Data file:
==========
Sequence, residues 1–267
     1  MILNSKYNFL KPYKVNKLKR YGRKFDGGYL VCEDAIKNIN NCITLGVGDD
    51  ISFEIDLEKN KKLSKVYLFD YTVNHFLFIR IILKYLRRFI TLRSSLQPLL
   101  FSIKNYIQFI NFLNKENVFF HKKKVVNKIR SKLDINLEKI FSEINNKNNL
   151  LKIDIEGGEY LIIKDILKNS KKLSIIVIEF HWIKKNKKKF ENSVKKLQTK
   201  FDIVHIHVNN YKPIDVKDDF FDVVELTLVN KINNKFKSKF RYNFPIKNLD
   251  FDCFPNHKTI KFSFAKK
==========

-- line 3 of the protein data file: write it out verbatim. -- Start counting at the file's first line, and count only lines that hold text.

    51  ISFEIDLEKN KKLSKVYLFD YTVNHFLFIR IILKYLRRFI TLRSSLQPLL